I’ve written here about the laborious task of getting my first corporate job, and here I am, writing about why I gave it up. I’m 24. After eighteen months working as a Junior Copywriter, I handed in my notice and departed to spend five months working my way around Europe. It was the best choice I’ve ever made.
Don’t stick out that first job if it’s not what you want, or getting you closer to it.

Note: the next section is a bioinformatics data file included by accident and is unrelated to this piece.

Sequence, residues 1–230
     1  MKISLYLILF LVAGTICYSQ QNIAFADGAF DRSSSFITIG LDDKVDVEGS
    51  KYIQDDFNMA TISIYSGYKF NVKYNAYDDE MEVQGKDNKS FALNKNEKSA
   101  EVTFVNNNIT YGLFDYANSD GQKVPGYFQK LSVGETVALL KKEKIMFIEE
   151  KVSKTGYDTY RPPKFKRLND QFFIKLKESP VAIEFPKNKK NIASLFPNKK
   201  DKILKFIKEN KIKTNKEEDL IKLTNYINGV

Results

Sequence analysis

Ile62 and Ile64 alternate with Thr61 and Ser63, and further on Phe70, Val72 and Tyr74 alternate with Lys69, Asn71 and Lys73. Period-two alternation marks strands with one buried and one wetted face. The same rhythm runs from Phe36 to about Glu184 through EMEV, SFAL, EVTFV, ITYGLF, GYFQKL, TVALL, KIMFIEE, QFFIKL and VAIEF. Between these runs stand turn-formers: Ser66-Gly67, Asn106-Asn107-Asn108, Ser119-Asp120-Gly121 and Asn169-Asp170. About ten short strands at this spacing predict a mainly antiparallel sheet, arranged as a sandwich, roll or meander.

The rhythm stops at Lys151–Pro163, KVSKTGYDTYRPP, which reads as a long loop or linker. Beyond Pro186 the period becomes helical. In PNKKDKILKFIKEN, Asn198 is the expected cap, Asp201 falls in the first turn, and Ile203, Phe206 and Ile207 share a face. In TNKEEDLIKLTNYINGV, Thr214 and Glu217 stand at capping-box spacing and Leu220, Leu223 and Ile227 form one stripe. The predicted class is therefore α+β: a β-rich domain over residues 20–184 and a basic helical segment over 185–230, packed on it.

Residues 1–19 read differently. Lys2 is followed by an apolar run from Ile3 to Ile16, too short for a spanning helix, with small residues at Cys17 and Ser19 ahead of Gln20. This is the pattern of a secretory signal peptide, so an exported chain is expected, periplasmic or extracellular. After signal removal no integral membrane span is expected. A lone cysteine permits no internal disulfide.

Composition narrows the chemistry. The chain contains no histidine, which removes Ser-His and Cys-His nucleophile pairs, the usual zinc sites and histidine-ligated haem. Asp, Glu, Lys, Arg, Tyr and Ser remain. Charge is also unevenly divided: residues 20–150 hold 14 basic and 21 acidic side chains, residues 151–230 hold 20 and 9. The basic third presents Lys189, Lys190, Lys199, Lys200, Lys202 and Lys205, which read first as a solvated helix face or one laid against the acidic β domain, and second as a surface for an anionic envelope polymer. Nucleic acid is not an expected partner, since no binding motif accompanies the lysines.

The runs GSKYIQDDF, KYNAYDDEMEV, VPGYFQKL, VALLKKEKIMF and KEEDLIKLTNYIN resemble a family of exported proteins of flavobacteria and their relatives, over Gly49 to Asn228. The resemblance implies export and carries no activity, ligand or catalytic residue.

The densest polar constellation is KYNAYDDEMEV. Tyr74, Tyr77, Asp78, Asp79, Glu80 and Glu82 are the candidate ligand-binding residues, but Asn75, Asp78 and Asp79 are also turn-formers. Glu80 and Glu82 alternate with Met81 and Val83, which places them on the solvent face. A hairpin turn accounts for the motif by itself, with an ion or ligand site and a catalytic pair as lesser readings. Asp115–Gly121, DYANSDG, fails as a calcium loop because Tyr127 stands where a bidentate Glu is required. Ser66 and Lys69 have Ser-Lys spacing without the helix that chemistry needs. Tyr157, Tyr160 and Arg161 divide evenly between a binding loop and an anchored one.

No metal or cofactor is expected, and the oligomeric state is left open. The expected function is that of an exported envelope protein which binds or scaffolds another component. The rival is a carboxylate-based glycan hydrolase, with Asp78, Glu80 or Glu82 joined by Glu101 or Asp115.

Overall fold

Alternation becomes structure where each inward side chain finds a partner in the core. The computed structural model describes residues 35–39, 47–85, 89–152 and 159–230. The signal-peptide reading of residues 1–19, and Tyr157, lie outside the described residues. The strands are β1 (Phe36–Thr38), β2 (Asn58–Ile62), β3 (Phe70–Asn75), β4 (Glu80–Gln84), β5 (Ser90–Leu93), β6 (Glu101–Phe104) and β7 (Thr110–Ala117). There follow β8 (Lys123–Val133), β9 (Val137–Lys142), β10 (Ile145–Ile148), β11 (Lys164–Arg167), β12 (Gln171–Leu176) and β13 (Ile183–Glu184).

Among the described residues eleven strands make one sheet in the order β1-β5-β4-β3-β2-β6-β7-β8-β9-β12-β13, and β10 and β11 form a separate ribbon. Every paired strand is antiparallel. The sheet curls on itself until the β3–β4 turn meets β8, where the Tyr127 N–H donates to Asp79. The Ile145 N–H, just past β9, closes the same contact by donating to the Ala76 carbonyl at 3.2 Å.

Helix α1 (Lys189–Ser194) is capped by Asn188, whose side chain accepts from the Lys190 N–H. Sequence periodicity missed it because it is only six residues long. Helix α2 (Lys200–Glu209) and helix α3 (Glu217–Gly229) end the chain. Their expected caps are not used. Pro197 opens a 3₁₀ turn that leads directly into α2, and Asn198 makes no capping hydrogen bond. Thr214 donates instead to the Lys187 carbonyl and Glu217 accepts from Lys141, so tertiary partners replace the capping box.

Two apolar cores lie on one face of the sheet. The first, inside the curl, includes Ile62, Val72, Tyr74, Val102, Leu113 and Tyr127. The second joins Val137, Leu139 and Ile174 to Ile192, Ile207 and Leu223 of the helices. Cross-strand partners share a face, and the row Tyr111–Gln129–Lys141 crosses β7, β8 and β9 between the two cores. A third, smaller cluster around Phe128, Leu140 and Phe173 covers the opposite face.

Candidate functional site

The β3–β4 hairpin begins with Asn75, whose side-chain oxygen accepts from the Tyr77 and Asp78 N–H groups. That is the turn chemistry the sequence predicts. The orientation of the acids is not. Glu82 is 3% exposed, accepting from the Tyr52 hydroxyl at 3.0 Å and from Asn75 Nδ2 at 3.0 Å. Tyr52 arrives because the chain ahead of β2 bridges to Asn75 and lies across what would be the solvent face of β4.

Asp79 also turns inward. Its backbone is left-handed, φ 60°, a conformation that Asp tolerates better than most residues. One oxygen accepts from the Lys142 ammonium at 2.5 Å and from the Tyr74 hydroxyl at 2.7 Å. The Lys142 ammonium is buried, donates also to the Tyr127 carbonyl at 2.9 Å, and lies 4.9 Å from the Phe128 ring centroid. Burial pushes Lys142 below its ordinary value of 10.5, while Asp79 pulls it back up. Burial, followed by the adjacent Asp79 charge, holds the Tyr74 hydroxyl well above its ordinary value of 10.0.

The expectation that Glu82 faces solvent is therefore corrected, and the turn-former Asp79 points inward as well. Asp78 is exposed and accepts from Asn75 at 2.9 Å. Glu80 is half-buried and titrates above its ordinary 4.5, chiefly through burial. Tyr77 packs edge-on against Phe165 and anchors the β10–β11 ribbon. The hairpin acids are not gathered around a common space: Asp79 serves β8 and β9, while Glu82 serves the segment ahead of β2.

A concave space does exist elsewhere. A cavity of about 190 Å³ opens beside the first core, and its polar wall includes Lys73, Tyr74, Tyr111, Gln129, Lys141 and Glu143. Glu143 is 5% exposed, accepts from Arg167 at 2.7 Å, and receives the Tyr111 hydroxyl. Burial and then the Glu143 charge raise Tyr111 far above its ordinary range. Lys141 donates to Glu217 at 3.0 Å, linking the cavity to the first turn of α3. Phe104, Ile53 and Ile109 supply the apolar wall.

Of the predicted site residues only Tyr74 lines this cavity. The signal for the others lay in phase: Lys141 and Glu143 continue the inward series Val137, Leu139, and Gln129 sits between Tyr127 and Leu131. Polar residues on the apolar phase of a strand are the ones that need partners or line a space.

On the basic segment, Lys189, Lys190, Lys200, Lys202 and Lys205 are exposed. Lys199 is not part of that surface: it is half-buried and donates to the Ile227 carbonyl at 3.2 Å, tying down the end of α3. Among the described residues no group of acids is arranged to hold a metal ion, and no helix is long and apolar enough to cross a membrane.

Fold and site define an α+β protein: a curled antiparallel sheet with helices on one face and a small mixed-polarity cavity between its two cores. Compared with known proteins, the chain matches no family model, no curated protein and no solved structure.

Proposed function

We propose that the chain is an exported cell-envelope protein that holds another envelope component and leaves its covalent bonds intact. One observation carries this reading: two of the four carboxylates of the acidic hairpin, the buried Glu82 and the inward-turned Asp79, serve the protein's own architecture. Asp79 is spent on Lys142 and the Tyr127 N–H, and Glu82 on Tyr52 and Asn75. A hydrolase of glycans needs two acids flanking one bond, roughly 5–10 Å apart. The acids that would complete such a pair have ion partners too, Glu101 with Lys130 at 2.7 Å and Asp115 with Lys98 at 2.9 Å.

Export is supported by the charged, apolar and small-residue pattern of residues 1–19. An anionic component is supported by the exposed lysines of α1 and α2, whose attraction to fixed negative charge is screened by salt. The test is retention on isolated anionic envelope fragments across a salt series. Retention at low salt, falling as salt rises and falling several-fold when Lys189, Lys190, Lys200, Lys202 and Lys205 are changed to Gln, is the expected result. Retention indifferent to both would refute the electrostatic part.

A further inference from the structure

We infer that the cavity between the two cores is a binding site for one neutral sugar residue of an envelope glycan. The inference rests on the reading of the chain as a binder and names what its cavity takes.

My graduate job, on paper, sounded great. I’d work as a creative writer in one of the city’s most successful and quickly growing agencies. I’d be salaried, with structured hours. I’d get paid time off at Christmas, private health insurance, free nights out and free snacks in the office. There would be bean bags; it looked cool. The reality was different. Within the first few weeks, I spent three nights working overtime ‘til 10pm proofreading a piece of medical literature that I knew would be one of the most poorly organised projects I’d ever work on. I spent my nine to five seeking out work to do that would enable me to be creative; I didn’t find it. I realised quickly that the job wouldn’t be what I wanted, but it took me a long time to work out that it wasn’t just how it had to be.